Some audience members may recognise Miss Havisham from Dickens’ Great Expectations in the character of Miss Donnithorne and ask “why did Maxwell-Davies transplant Miss Havisham to Sydney?” In fact, Miss Eliza Emily Donnithorne was a real Sydney-sider who, according to the Australian Dictionary of Biography, was allegedly left at the altar by her husband-to-be in 1856 and lived as a recluse beside her rotting wedding feast until her death in 1886. Matt Murphy has since dug around in some archives and found that there is no evidence to suggest that news of Miss Donnithorne reached Dickens in time for the writing of Great Expectations (1860–61), especially considering that Miss Donnithorne’s story doesn’t appear in the media until 1890 and there is no record of Miss Donnithorne’s intended marriage, struck out or not, in the banns of her church or the civil marriage register.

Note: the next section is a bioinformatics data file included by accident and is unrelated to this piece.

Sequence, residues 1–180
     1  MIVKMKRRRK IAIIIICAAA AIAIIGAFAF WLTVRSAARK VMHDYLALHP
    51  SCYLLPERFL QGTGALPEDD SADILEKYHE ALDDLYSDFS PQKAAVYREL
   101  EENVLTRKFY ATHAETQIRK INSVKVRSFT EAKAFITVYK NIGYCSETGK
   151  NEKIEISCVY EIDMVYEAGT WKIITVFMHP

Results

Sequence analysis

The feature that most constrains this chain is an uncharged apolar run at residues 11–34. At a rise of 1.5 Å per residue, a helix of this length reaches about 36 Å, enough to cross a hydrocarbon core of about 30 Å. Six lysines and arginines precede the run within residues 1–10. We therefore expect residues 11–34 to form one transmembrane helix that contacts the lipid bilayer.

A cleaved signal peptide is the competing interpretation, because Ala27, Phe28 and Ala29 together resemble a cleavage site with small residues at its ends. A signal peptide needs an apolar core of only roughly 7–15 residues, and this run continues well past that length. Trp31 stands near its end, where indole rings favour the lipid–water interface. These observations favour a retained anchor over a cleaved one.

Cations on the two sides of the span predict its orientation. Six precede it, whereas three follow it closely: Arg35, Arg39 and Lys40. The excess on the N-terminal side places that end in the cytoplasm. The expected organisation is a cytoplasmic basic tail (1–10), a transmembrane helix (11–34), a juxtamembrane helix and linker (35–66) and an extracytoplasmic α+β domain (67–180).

The salon at the Melbourne Recital Centre is an ideal venue for chamber opera. The clear acoustic communicates the minutest vocal articulation, while the intimate space allows performers to get right up in the faces of the audience. Miss Donnithorne’s Maggot could have further exploited this opportunity. Dodsworth expressed a “bored child” sort of absurdity rather than the character’s desperation and discomfort. Anything less raises the question of why such a character would be made to writhe around on stage. I suspect this is a question more for Maxwell-Davies than Dodsworth, as there is no doubt that humour is a central requirement of the score.